By: Kathryn Free (’17), Cindy Lee (’17), and Joy Yamasaki (’19)
Attending AAPINA’s 14th Annual National Conference at the University of Hawaii at Manoa was a wonderful experience. The three of us were among 162 attendees and we were able to choose from 95 abstracts of research that were specifically relevant to the health of Asian populations for us to explore and learn about. The objective of the conference was to discuss global health issues in research, practice, and leadership relevant to nurses living and practicing in Asian communities. It was really inspiring to see how there is so much that can be done within the field of nursing through the examples of the research leaders who presented at this conference.
Over the span of three days, Cindy, Joy, and I conversed with nursing scholars from around the globe. Many of the women at our table were nursing professors at a local university on Oahu. Many of the session speakers who presented their nursing research were nurse practitioners affiliated with Queens Hospital, the MGH of Hawaii. With full scope of practice, these NPs have the ability to work independently and fully manage and operate clinics. Two NPs spoke about starting a brand new outpatient diabetes from the ground up. Having complete independence and autonomy was something these NPs did not take for granted. With such an international and diverse audience, they knew that advanced practice nursing roles do not even exist in some countries. They spoke about how grateful and fortunate they are to practice independently and how their rural practice provides healthcare to individuals who would otherwise not have access to it. We found their presentation very profound and powerful.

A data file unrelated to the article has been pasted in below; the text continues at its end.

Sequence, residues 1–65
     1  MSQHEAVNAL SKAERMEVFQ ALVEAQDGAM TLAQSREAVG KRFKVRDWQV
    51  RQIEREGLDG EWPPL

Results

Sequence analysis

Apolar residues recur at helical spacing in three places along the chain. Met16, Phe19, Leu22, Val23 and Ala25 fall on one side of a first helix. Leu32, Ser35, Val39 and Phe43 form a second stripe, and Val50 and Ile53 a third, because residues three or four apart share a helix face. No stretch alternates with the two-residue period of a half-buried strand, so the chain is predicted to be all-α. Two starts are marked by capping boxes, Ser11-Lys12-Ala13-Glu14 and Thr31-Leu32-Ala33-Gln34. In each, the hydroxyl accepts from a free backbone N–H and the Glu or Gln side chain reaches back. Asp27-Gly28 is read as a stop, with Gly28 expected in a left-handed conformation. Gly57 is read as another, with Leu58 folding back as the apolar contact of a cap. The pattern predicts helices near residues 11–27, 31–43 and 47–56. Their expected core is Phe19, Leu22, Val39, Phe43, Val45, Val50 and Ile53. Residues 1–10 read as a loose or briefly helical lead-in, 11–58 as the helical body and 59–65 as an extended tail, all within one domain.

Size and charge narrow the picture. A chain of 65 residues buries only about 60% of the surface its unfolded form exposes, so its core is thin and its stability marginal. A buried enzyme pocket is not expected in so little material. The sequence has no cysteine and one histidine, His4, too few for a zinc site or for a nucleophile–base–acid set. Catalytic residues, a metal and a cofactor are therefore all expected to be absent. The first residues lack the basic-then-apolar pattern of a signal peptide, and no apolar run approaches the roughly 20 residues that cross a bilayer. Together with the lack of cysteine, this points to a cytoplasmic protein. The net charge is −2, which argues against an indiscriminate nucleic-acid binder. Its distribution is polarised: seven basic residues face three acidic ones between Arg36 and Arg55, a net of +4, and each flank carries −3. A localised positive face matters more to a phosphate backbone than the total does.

Withonly a handful of nursing students at the conference, Patricia Alpert, the AAPINA President, was delighted to meet us. Her two words of wisdom were to “keep going” and become either a DNP or get your PhD. She stated that nursing scholars and nursing research is going to change the field of nursing. If we truly want to make a difference, be the change.